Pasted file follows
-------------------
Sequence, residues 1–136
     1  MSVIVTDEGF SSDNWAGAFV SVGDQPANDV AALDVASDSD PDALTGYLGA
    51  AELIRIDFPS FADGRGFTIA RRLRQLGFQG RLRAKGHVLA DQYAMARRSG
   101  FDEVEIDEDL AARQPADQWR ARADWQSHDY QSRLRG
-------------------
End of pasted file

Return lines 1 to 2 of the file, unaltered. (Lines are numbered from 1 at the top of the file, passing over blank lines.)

Sequence, residues 1–136
     1  MSVIVTDEGF SSDNWAGAFV SVGDQPANDV AALDVASDSD PDALTGYLGA